Use Reinforcement: Offer rewarding activities and praise (high fives, hugs, and positive feedback) after a set amount of homework time. Breaking homework time into shorter chunks with smaller rewards can also be highly beneficial, especially for younger children and/or children who have a difficult time sustaining attention.
Celebrate Effort Over Outcome: Provide praise for hard work and persisting through difficult activities. This will help to foster the necessary lifelong skills of perseverance and grit in your child.
Let Them Make Mistakes: No one is perfect and it is important that every child learns that from a young age. Mistakes are how we learn. Allowing your child to make mistakes will provide them with an opportunity to learn what they need to do differently next time and also see that they can recover from setbacks.
Create an Allied Relationship with Your Child’s Teacher: Help your child to see that you and the teacher are on the same team. Communication between home and school is important to help demonstrate that all adults are working together to promote success.
Adapted from the following: Nemours KidsHealth.Org Back to School (August 2018) and Child Mind Institute How to Help Your Child Get Motivated in School (2021)
What is the role of your child's School Counselor?
In the past, the term "guidance counselor" was most common amongst high school students and their families. The student visits their counselor when the when they are applying to colleges, having scheduling conflicts, contemplating their career path, or when the student is struggling either academically or socially.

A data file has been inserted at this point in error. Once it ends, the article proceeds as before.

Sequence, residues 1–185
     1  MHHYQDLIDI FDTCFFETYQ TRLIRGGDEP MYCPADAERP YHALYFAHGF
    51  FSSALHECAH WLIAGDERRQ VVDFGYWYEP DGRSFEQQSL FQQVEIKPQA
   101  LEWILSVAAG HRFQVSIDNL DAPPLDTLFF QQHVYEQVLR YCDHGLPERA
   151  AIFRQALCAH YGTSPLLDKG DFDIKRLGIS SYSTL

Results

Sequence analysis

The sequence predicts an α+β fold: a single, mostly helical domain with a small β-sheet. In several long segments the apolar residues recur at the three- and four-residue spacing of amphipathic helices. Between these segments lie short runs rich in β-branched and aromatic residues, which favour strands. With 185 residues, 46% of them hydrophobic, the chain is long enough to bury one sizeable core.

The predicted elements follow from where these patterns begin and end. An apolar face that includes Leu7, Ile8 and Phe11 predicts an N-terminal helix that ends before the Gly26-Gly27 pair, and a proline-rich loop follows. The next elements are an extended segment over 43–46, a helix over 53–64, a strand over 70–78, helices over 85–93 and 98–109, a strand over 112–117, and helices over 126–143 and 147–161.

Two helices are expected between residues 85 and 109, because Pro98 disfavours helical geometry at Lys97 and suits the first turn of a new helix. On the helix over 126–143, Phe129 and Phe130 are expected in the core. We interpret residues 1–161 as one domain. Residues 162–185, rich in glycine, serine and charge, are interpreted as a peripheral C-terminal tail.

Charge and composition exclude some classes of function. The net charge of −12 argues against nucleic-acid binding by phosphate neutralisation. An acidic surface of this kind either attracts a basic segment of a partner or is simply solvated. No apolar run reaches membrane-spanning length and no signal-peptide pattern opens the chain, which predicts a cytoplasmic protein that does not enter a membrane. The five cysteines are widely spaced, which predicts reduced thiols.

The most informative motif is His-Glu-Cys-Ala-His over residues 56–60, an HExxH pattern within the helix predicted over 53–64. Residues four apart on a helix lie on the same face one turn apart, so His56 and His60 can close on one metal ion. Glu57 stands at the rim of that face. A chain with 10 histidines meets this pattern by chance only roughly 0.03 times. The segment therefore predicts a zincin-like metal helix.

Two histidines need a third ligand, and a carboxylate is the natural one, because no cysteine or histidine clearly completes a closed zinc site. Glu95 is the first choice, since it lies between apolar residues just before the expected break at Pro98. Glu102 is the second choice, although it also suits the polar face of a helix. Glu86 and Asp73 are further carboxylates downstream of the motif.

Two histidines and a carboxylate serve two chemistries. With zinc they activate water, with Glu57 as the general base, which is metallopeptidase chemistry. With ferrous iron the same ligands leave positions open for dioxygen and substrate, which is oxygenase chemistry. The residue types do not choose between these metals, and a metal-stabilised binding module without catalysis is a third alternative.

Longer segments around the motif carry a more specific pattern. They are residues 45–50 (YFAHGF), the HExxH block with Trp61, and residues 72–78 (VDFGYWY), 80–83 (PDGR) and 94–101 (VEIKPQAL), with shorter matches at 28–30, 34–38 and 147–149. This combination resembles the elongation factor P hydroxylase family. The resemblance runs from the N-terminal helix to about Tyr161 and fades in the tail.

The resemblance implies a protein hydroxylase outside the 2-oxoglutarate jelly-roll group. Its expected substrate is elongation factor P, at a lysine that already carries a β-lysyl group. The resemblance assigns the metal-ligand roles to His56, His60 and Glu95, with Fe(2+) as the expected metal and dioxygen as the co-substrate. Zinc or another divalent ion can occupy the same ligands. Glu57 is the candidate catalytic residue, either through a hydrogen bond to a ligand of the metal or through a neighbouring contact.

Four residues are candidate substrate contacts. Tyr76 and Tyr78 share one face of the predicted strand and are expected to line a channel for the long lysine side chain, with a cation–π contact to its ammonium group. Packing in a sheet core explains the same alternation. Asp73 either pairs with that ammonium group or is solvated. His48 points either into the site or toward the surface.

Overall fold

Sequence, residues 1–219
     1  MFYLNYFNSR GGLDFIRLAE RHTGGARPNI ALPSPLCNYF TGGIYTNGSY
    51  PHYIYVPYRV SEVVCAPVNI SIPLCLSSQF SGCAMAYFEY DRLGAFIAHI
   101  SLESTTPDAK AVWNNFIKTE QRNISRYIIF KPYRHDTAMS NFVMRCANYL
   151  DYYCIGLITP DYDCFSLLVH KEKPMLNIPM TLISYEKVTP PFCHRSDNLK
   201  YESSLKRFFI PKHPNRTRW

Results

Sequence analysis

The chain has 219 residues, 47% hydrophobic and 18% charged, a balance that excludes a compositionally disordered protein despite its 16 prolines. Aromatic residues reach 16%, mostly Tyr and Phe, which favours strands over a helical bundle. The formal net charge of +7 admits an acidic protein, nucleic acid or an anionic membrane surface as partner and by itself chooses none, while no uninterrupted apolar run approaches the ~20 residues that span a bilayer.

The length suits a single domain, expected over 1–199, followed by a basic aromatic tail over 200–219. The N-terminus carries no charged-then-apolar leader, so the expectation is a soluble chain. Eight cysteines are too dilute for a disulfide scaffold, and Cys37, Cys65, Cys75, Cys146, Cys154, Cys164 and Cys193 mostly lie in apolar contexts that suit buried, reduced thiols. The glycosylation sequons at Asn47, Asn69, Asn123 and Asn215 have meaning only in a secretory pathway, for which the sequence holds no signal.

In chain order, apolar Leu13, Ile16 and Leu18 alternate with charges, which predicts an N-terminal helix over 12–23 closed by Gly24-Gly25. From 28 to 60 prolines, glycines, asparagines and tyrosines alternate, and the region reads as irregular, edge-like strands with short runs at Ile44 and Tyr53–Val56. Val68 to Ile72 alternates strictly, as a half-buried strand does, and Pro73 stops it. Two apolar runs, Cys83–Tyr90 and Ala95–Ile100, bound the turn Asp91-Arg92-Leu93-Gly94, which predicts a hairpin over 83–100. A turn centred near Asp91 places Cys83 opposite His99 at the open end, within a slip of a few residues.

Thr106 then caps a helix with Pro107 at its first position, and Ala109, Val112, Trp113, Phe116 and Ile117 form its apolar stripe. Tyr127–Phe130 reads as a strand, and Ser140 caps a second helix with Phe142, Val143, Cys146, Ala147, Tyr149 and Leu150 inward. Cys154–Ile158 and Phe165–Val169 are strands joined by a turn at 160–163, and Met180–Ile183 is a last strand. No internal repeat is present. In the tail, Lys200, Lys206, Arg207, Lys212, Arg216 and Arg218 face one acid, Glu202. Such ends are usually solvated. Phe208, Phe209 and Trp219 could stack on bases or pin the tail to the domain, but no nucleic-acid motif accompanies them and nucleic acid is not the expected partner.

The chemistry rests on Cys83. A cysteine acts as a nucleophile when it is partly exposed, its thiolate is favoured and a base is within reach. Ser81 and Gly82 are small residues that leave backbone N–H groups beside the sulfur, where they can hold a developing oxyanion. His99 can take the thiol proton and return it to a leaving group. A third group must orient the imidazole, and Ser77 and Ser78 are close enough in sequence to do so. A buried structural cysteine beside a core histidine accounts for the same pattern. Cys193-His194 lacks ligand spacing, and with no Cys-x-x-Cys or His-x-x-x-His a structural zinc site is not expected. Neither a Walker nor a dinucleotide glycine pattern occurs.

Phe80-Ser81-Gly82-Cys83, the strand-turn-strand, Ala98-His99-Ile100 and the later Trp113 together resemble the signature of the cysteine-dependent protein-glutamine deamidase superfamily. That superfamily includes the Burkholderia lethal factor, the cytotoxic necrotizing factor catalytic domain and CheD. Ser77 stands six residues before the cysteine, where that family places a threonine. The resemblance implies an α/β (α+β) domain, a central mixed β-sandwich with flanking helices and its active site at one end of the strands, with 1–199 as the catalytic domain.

Society is ever-changing, and we are fortunate enough to provide your child with a school counselor, starting in Pre-K, until their high school graduation.
You may wonder, what role could a school counselor serve at the elementary level? The following statement from the American School Counselor Association explains:
"Elementary school years set the tone for developing the knowledge, attitudes and skill necessary for children to become healthy, competent and confident learners. Through a comprehensive developmental school counseling program, school counselors work as a team with the school staff, parents and the community to create a caring climate and atmosphere. By providing education, prevention, early identification and intervention, school counselors can help all children achieve academic success."
You child's School Counselor works with you, your child's teachers,
administrators, and the student themselves on:
- Academic support, including organizational, study and test-taking skills
- Goal setting and decision-making
- Education on understanding self (including strengths and weaknesses) and others
- Peer relationships, coping strategies and effective social skills
- Communication, problem-solving and conflict resolution
- Multicultural/diversity awareness
- Transition plans
- Individual and small-group counseling
- Individual/family/school crisis intervention
Your School Counselors are:
Arzu Alkan, Guggenheim Counselor 767-5268
Jen Biblowitz, Sousa Counselor 767-5365
Casey Horowitz, Daly Counselor 767-5219